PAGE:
Flix Fix: Thinking Outside the Lens


By Allen

Have you ever wondered what Biff was thinking throughout the Back to the Future series? I mean, the guy is constantly put down whenever he finds a modicum of success in life, and he’s reduced to an indentured servant by the end of the first film. I’ve always been interested in unique perspectives like Biff’s, and film is the perfect medium to experiment with views like Biff’s and other unique storytelling angles. Several of the films I’ve watched recently bucked convention in interesting ways.

I’ve always been a big fan of Joss Whedon. It’s the things that everyone likes about his work; the way he portrays powerful young females, his skill at writing for an ensemble cast, and his snappy scripts filled with pop culture references. One of his less popular works, Dr. Horrible’s Sing-Along Blog, was actually my introduction to his filmography. It focuses on the titular Dr. Horrible, a bumbling supervillain who pines after his rival’s girlfriend. He is clearly meant to represent the underdog, but only for the first 2/3s of the movie. One of my favorite things about Dr. Horrible is that the protagonist is not meant to be rooted for the entire time. He may start as the charming genius with some misguided views, but once he realizes that what he really wants is to take over the world, all pretense of love and rivalry fall away. In the final scene, when Horrible sings that he won’t feel a thing, he really means it. What started as a nerdy love story showed itself to be a film that was actually about the nature of evil. When allowed to take over his life, Dr. Horrible doesn’t mope or try to reject his supervillain life. Instead, he puts on the black gloves and the red coat, and he takes his seat with the other villains, a seat which he has wanted for longer than anything else. It’s the strength of Joss Whedon’s script in addition to Neil Patrick Harris’s dead stare in that final scene that really sell the film’s tonal shift, and it’s impossible to rewatch Dr. Horrible without thinking about the “hero’s” true goals now. What could have easily been a bland ending where Horrible gets the girl and discovers his inner hero is ignored In favor of this darker, much more thought-provoking ending.

Even the movement and use of the camera has been boiled down to a science, which several directors like to experiment with. Richard Linklater’s first film ever, Slacker, is one of my favorite examples of changing how one sees a film and its characters using just the camera. Although it’s credited as the start of the independent film movement of the 1990s, my greatest takeaway from Slacker is how the camera becomes a character itself. There is no linear narrative here; the camera lazily follows around several 20-something characters in Austin as they go about their day. Whenever I think a particular plot point is going somewhere, the camera abandons that location and moves somewhere else. It made me feel like what I was watching wasn’t actually important enough to dwell on, and that there’s always something completely different around the corner. Instead of building tension and then releasing it with a climax, Slacker presents tension, and then abandons it for more peaceful scenarios. There’s a scene in the middle of the film where a group of people living in an apartment supposedly discover their friend’s terrorist plot, and the camera switches to their oblivious roommate and his benign shopping trip. By simply keeping the viewer away from the action, there essentially is none. Technically, nothing happened to those kids and their friend, because we didn’t see it. I had never considered my role as the watcher to be that of a storyteller before Slacker, but shooting the film with so few cuts makes it an even more relaxing, mellow experience.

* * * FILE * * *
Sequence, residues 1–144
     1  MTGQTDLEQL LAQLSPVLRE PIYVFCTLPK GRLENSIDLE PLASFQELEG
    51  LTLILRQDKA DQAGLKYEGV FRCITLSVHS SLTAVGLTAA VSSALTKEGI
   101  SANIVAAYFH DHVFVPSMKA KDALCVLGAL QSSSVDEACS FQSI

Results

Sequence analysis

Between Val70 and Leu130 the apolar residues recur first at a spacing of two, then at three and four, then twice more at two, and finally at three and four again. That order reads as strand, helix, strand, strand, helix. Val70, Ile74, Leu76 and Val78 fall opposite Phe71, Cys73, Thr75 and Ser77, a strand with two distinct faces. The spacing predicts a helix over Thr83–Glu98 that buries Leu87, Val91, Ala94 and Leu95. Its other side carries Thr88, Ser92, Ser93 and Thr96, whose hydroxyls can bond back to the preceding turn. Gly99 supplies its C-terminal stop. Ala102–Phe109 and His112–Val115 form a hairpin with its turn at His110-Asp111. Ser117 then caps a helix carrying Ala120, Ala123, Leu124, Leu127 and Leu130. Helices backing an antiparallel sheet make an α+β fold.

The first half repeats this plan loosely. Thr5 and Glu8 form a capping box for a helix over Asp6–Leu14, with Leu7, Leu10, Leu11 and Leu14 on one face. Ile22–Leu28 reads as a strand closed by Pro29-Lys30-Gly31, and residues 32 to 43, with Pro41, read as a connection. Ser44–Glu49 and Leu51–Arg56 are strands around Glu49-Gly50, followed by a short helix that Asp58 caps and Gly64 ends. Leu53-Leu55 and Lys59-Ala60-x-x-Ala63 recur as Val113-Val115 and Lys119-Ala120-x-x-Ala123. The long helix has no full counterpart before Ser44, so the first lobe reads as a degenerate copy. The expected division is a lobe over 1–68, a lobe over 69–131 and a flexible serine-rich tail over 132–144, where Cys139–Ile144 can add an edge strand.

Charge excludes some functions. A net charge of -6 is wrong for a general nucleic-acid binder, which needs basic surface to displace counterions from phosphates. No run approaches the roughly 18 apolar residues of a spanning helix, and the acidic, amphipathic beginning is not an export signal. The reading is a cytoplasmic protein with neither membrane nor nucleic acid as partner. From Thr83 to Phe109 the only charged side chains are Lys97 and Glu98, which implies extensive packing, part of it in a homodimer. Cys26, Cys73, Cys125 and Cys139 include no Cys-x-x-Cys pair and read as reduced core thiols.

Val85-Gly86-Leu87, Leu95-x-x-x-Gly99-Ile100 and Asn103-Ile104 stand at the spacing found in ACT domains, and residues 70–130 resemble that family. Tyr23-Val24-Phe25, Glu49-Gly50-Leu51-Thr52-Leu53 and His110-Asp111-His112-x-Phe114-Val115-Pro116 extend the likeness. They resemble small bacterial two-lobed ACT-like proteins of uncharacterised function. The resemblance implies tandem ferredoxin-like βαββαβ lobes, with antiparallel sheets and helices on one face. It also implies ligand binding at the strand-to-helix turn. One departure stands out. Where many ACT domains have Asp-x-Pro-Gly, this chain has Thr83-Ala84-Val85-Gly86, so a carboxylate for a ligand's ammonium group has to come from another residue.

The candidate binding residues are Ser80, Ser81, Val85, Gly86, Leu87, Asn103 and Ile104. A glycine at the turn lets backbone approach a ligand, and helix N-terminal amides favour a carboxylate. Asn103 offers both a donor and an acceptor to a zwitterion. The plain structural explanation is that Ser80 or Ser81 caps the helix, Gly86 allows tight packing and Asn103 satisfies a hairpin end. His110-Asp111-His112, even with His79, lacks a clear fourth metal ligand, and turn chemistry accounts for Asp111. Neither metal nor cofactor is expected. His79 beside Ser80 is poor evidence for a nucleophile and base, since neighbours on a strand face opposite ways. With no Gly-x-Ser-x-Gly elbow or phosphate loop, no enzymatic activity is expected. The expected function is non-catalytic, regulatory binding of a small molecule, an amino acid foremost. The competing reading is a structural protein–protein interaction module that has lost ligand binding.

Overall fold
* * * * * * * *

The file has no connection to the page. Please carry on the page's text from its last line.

Coincidentally, The Cabin in the Woods is another film with the Joss Whedon touch that aimed to show a different perspective. In this case, the entire horror genre is deconstructed by making the writers and directors actual characters in the film. Scientists craft the perfect haunted house to lure unsuspecting teenagers into falling into horror film archetypes, only to have their blood sacrificed to the old gods living beneath the cabin. In most horror films, the two-dimensional characters rarely act with any level of self-awareness or knowledge that they are falling into obvious traps. The jock and the virgin have sex in the forest, the black guy dies first, and someone always suggest that everyone split up. This movie takes that idea and puts the twist on it that these characters aren’t actually their stereotypes. The jock is well-read, the virgin has had plenty of sex, and so on. But in this cabin, they’re all pawns in the scientists’s master plan. Through traps and subtle nudges, they force these kids to be horror movie characters, and the film becomes about breaking free from fate. In the climactic scene, the two surviving kids throw middle fingers to tradition, and break free from convention and cliché.

It’s fun to tear apart the motivations and meanings behind our favorite films. If I were to ever make a movie, all I know is that there would have to be a scene in a classroom. The students, lost in their own thoughts, begin to process the world around them. One of them is lusting after the girl in the short skit in the front row. That girl is thinking about that night’s homework, and how she plans to find time to watch the latest episode of her favorite TV show. In another corner is the lonely jock, who just wants to break free from convention and become a dancer. Instead of relegating these characters to their stereotypical archetypes, I’d let them be free, dynamic characters. Directors that are willing to step out of the realm of predictability and reframe tradition create some of the best works of art in the modern cinematic medium.


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